LONG BEACH - Battling Oregon's Tool Box fire was a little easier last week thanks to two of Pacific County Fire District No. 1's finest.
Firefighters Lt. Mike Karvia and Lt. Rodney Harrington left Long Beach and headed off to the south-central Oregon wildfire on July 18, a week after the fire started. They returned on Friday after battling the blaze for seven straight days. The fire was ignited by a lightning strike.
Harrington said he and Karvia were impressed by the sheer size of the fire when they arrived near Silver Lake, Ore.
"The fire moved quickly and at times you would put out one fire and another fire would start right back up from a brand, which is a flying amber or a spark," said Harrington. "It was pretty stressful for my partner and me. You've got people's lives in your hands. This was the biggest fire I've ever fought in."
Harrington and Karvia started their day each day about 40 miles from Silver Lake at the base camp at 4:30 a.m., and by 7 a.m. they were fighting the fire. Their day lasted until 7 p.m. and was only broken up by their lunch break, which was in the form of a bag lunch. They went back to the base camp and got in line to eat between 8 p.m. and 9 p.m.
"We ate first then we got cleaned up," said Karvia. "By the time we got to our tent and got to sleep it was after 10 p.m. Then we started the whole thing over the next morning at 4:30 a.m."
Karvia said the base camp consisted of hundreds and hundreds of tents which the firefighters, which came from all over the country, slept in each night.
"Every day we were there new people that arrived," said Harrington. "There were hotshots from all over the U.S. A hotshot is a Type 1 firefighter."
Both Harrington and Karvia said they were a little sore from the experience, but were glad they had the chance to fight in the fire. They said they were grateful to Pacific County Fire District No. 1 Fire Chief Tom O'Donohue for giving them the opportunity to participate in such a complex fire.
According to the Northwest Interagency Coordination Center, as of Tuesday morning, the fire, which is located 10 miles south of Silver Lake, Ore. has already consumed over 86,000 acres. At this time the fire is 65 percent contained.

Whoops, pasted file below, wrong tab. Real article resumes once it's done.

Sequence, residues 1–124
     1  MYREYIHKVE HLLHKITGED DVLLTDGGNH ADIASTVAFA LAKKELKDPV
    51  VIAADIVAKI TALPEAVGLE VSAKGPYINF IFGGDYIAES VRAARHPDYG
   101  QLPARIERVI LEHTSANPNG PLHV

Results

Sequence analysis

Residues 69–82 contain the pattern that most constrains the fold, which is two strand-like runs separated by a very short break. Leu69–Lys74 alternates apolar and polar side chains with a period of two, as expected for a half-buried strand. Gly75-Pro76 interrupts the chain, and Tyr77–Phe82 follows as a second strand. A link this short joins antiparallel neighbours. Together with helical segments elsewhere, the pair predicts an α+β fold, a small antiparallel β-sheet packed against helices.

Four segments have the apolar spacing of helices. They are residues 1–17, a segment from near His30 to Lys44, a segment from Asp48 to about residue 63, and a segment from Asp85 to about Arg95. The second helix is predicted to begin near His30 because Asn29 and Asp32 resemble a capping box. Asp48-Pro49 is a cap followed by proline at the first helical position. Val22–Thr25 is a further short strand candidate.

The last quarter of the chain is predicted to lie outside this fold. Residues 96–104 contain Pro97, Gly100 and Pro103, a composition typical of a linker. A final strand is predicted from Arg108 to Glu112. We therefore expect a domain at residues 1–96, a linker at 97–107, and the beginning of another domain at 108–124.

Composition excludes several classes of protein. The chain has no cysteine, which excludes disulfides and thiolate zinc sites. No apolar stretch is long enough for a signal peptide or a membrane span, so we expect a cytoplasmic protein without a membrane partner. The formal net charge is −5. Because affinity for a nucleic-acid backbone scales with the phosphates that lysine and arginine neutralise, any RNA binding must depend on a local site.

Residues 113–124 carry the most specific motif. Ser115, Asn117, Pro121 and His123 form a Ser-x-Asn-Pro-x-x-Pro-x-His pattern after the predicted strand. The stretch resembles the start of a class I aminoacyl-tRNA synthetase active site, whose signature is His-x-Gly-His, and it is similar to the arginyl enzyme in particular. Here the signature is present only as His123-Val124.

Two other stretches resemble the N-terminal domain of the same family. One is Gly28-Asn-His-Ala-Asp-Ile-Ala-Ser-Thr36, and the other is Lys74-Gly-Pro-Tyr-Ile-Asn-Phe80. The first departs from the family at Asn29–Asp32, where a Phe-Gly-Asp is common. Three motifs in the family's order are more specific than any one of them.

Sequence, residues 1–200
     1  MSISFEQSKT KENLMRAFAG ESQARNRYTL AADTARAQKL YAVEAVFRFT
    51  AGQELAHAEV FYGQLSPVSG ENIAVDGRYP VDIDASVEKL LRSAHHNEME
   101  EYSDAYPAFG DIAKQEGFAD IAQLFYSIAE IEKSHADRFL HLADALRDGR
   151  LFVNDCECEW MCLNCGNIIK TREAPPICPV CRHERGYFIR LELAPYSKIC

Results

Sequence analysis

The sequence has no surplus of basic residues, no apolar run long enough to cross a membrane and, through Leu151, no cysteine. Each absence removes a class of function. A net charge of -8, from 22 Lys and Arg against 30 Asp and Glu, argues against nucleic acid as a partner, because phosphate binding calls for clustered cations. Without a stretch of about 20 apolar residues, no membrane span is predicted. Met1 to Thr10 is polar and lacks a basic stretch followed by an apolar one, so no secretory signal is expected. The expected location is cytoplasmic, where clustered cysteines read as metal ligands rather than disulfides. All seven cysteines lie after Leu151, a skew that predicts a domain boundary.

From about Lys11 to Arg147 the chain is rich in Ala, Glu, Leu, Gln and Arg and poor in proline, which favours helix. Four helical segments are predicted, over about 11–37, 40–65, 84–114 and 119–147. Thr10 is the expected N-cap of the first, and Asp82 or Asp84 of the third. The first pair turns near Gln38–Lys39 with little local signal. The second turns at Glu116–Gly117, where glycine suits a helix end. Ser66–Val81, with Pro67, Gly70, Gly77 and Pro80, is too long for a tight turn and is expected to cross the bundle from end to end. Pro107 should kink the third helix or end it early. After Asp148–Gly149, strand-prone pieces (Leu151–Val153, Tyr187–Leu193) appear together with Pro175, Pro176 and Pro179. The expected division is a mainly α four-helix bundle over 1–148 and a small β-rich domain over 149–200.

"We were contacted by the Washington State Regional Mobilization Office on July 18 in order to mobilize local resources to the Oregon fire," said Tom O'Donohue, Pacific County Fire District No. 1 Fire Chief. "I would imagine every agency in Washington was contacted for resources."
O'Donohue said in the event of a large fire, such as the Tool Box fire, states such as Oregon will contact other states' fire-fighting agencies and departments to get more firefighters to battle the blaze. What normally happens, said O'Donohue, is that the firefighters in the state where the fire started will be utilized first and then firefighters from other states will be called in.
"The Washington State Regional Mobilization Office has also been asking for additional firefighters for fires taking place in the eastern Washington, but we didn't want to deplete our local resources any further," said O'Donohue. "Our first responsibility is on the Peninsula."
Sending local firefighters to fight fires outside of the Peninsula area usually comes up each summer, but the number sent out is limited to two full-time career firefighters.
In the event of fires outside the Peninsula area, equipment may also be sent out, but this too is limited in order to leave enough to fight any local fires which may occur.
According to O'Donohue, a brush unit was sent out to the Tool Box fire along with firefighters Karvia and Harrington.
"A brush unit, which is a 1 1/2-ton truck, can carry up to 200 gallons of water and also is a foam capable unit," said O'Dohohue.
This is one of several brush units which belong to Pacific County Fire District No. 1. It is one of six that is utilized on the Peninsula.
According to volunteer firefighter Doug Knutzen, there were two fires on the Peninsula within days of each other in the mid-80s during early July.
One was in the Beards Hollow area and burned approximately 40 acres. It was started by fireworks and took place just west of Thousand Trails-Naco West. The other fire was on the north jetty in Fort Canby State Park, and burned approximately 104 acres. It was also started by fireworks.
Last week, on July 23, a burn ban was issued for a number of Washington counties, including Pacific County.
"This is normal for this time of year, which is normally dry, and there is a potential fire," said Knutzen. "Another reason is because there are limited resources right now due to all the fires taking place in Oregon and eastern Washington."